Forty years ago beer festivals were reserved for obsessive enthusiasts, swilling and commenting on obscure hop-based concoctions. But it turns out these nerdy beer drinkers were onto something, because beer festivals have exploded in popularity through the subsequent years, and specific incarnations draw upwards of 50,000 attendees in locations from the United States to Belgium to China. And while the beers themselves can be remarkably complex, the reasons for this popularity are more straightforward - beer tastes good, tipsiness feels swell, and hanging out with friends while sampling a vast variety of beverages is terrific fun. Here are five festivals around the world where you can do just that.
America's foremost beer festival has been swinging since 1982, evolving from a specialist's showcase featuring 22 breweries to a huge event thronged with over 450 independent beer producers. Among the 50,000 visitors are a panel of 2000 judges, who dish out gold, silver and bronze medals in a total of 83 different categories. As well as the many wheat beers and sour ales, attendees can check out a booze-themed bookstore and browse a home brew marketplace, while those unfortunate enough to land the role of designated driver have an entire lounge to themselves. All this takes place in Denver's cavernous Conference Center, but don't worry - the organizers have produced a map so you can navigate the hop-scented labyrinth.
Oktoberfest, the daddy of all beer festivals, has been taking place in Munich since 1810. The range of beers on offer is much narrower, as the festival takes a fiercely traditionalist approach to its participants: only official Oktoberfestbiers are on sale, produced by six Munich-based breweries. These are generally golden lagers with an alcohol content of between five and six percent; a startling seven million liters of them are consumed over the festival's 17 days. A vibrant celebration of Bavarian culture, the festival is held in a large field near the center of Munich, and alongside the beers visitors can enjoy rides, games and heaps of traditional Bavarian food: schweinebraten (roast pork), steckerlfisch (grilled fish on a stick), würstl (sausages), brezen (pretzels), knödel (dumplings) and sauerkraut (pickled red cabbage), are all predominantly featured on the menu.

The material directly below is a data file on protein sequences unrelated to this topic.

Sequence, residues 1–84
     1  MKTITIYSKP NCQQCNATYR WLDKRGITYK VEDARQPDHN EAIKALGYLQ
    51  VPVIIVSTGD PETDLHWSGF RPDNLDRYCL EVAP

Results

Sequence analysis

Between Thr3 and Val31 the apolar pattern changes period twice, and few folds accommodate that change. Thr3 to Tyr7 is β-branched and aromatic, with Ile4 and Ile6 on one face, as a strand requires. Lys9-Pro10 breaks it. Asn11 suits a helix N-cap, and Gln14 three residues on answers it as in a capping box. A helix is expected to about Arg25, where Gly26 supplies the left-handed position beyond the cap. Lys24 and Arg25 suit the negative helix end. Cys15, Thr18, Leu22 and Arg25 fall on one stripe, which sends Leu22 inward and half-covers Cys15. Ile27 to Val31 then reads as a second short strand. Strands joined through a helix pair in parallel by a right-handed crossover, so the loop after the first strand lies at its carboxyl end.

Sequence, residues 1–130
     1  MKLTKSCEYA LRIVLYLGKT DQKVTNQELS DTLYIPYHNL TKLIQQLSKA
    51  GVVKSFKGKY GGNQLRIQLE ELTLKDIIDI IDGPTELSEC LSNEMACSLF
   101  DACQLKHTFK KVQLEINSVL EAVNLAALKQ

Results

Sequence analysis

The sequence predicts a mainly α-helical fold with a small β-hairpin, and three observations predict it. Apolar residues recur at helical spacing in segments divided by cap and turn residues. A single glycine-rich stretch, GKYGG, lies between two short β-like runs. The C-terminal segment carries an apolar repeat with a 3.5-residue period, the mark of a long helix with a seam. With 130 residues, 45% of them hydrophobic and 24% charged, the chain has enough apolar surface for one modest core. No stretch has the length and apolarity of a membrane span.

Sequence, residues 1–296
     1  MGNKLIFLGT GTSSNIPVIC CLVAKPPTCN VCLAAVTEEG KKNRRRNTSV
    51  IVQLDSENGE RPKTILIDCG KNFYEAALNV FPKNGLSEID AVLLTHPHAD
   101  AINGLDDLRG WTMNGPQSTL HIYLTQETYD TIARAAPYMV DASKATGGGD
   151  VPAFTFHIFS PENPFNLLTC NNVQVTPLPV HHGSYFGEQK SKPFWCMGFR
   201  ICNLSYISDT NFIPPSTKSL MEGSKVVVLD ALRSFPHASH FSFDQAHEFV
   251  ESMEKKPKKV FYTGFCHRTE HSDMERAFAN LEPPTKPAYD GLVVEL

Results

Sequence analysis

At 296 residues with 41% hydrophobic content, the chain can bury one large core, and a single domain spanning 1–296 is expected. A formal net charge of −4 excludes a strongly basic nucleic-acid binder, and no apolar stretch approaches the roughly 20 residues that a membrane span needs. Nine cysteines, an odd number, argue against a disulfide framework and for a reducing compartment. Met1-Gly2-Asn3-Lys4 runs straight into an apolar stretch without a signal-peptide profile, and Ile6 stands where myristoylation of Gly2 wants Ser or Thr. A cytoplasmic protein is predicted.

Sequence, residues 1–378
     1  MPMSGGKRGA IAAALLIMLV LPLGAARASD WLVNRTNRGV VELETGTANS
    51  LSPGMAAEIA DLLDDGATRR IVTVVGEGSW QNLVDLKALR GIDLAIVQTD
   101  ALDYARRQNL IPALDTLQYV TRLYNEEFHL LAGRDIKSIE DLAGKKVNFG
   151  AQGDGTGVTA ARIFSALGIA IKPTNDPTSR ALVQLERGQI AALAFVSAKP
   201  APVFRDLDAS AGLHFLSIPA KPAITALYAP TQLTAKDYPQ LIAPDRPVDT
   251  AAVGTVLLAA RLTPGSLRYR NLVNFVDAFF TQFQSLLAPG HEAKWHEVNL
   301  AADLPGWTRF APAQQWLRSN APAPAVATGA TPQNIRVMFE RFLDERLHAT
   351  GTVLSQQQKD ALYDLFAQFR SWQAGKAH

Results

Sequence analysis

Asia's biggest beer festival takes place in Qingdao, known as China's beer city and home of the world-famous Tsingtao lager. The festival gathers together brands and breweries from all around the world, from corporate behemoths draping their area with logos and slogans to small-time enthusiasts eagerly sharing a lovingly crafted brew. There's a grand opening ceremony and a wide variety of acts through the festival's two-week course, along with parades, drinking competitions, games, music and food. And once you've sunk a few beers you can head to the karaoke stage and perform in front of a disconcertingly huge crowd.
Brewing has deep roots in British folk culture, and there's no better place to get a sense of this hoppy history than at the Cambridge Beer Festival. The six day event, organized in conjunction with England's wildly successful Campaign for Real Ale (CAMRA), is spread between four bar areas, each of which specializes in a particular region - Northern England, Eastern England, Wales and Scotland, and Southern England. The main focus is on the 120 varieties of British beer and cider, but there are also international draught beers, perry, wine and even mead, if you fancy getting pre-Medieval at some point in the evening. It takes place in May, when spring is in full bloom, on Jesus Green in the picturesque university town of Cambridge.
The Zythos Beer Festival is Belgium's premier brewing event, and it is a much less showy spectacle than its north European sibling in Munich. There are no fairground rides, no carnival acts or karaoke stages, just 500 Belgian beers concocted by 100 of the country's finest artisan breweries. Excitement focuses on the new creations and festival exclusives, unveiled by the brewers with some ceremony, but there are also plenty of classics for guaranteed pleasure. Entry is free, a free shuttle bus runs between the festival site and the train station, and each 1.5 cl slug of beer costs a solitary Euro.